U.S. Geological Survey, Department of the Interior — The Tillamook Bay subbasins and Nehalem River basins encompass 1,369 and 2,207 respective square kilometers of northwestern Oregon and drain to the Pacific Ocean....

  19. Channel centerline for the Nehalem River, Oregon in 1939

    Data.gov (United States)

    U.S. Geological Survey, Department of the Interior — The Tillamook Bay subbasins and Nehalem River basins encompass 1,369 and 2,207 respective square kilometers of northwestern Oregon and drain to the Pacific Ocean....

  20. Channel centerline for the Coquille River, Oregon in 2005

    Data.gov (United States)

    U.S. Geological Survey, Department of the Interior — The Coquille River system is an unregulated system that encompasses 2,745 square kilometers of southwestern Oregon and flows into the Pacific Ocean near the town of...

  1. Channel centerline for the Coquille River, Oregon in 2009

    Data.gov (United States)

    U.S. Geological Survey, Department of the Interior — The Coquille River system is an unregulated system that encompasses 2,745 square kilometers of southwestern Oregon and flows into the Pacific Ocean near the town of...

  2. Channel centerline for the Coquille River, Oregon in 1967

    Data.gov (United States)

    U.S. Geological Survey, Department of the Interior — The Coquille River system is an unregulated system that encompasses 2,745 square kilometers of southwestern Oregon and flows into the Pacific Ocean near the town of...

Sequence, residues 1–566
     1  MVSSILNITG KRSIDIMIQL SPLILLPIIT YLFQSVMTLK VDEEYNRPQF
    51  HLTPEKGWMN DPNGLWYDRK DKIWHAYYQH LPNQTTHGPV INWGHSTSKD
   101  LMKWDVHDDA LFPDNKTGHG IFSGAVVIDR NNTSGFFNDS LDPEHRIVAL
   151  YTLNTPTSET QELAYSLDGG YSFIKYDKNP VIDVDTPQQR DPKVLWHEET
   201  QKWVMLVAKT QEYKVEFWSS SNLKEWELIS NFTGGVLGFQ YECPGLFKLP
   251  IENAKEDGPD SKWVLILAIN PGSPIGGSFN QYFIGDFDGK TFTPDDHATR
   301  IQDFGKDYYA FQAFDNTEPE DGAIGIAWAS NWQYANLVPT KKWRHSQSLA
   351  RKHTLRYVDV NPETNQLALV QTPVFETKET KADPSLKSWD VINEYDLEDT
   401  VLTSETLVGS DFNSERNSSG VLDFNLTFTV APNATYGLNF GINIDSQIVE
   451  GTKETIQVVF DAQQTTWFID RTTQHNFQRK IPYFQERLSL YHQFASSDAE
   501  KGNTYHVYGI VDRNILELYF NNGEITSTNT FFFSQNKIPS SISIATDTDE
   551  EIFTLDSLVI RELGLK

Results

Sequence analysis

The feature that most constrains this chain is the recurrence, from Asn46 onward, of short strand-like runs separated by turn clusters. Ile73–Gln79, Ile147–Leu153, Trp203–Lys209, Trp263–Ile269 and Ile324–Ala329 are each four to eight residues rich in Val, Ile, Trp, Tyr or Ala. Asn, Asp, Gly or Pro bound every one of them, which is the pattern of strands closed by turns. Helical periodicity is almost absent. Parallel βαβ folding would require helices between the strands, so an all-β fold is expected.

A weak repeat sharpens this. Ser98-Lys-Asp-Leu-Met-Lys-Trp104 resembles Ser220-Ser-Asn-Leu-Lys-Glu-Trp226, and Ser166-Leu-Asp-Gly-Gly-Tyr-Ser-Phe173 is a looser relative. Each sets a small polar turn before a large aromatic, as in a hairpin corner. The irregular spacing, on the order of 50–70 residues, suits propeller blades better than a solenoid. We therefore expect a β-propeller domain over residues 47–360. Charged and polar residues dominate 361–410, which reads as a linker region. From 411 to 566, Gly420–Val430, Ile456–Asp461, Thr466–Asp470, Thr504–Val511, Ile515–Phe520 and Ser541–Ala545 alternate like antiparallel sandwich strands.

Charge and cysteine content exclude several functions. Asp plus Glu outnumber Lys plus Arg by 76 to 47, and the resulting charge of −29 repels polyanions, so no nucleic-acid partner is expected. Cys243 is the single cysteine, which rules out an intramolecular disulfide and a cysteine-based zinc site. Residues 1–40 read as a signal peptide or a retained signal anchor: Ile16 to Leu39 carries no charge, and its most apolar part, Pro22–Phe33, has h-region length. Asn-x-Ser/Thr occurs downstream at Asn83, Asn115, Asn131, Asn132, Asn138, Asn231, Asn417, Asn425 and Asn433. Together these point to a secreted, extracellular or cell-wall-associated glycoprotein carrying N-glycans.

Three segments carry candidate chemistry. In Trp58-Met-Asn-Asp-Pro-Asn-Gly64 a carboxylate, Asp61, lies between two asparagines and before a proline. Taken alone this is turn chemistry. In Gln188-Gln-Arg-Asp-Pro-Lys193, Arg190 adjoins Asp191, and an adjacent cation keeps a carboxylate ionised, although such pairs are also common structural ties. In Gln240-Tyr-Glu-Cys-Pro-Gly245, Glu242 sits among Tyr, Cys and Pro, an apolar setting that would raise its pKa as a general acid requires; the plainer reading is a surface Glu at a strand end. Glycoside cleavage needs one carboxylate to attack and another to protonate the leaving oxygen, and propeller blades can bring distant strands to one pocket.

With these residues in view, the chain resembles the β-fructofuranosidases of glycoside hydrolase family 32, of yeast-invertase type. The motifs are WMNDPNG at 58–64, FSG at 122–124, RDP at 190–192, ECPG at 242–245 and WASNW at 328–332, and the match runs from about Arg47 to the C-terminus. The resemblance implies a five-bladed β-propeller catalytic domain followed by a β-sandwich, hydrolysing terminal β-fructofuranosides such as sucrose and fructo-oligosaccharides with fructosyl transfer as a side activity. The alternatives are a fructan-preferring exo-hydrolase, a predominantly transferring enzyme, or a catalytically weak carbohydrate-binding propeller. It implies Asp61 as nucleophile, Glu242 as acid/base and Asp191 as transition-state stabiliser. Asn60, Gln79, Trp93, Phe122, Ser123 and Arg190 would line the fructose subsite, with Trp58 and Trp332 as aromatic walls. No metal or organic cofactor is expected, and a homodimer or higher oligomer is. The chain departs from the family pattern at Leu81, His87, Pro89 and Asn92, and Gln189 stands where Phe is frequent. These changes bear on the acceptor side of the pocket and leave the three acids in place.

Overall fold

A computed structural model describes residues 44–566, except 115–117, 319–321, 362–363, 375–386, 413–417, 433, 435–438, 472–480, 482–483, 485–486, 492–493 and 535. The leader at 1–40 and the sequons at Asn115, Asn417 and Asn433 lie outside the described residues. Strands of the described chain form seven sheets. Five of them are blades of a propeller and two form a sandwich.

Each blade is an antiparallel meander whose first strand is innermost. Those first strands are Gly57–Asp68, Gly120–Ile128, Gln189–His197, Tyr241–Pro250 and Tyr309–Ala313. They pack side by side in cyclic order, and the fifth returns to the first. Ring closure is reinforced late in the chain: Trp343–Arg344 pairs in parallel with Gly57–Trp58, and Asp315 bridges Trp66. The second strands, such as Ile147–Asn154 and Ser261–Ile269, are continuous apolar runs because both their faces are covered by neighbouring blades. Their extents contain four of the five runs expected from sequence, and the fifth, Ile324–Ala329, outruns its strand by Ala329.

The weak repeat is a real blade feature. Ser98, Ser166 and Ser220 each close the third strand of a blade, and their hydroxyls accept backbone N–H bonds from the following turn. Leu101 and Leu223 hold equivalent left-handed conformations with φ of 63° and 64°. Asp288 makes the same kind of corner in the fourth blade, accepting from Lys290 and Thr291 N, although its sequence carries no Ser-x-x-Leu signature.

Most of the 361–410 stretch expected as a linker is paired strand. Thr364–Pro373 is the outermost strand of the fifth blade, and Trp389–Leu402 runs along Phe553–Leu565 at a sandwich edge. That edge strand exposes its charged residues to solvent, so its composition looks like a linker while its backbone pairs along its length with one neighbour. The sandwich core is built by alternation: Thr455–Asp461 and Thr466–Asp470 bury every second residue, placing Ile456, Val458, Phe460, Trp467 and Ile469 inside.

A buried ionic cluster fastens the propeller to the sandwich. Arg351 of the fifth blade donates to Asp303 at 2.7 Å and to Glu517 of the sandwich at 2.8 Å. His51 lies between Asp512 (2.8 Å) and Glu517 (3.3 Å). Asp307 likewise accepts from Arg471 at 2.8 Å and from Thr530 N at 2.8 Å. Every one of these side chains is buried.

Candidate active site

3. Channel centerline for the Coquille River, Oregon in 1939

    Data.gov (United States)

    U.S. Geological Survey, Department of the Interior — The Coquille River system is an unregulated system that encompasses 2,745 square kilometers of southwestern Oregon and flows into the Pacific Ocean near the town of...

  4. Channel centerline for the Nehalem River, Oregon in 2005

    Data.gov (United States)

    U.S. Geological Survey, Department of the Interior — The Tillamook Bay subbasins and Nehalem River basins encompass 1,369 and 2,207 respective square kilometers of northwestern Oregon and drain to the Pacific Ocean....

  5. ADCP measured flow current of the middle-lower Changjiang River channel

    Institute of Scientific and Technical Information of China (English)

    Qiang ZHANG; Yafeng SHI; Zhongyuan CHEN; Tong JIANG

    2008-01-01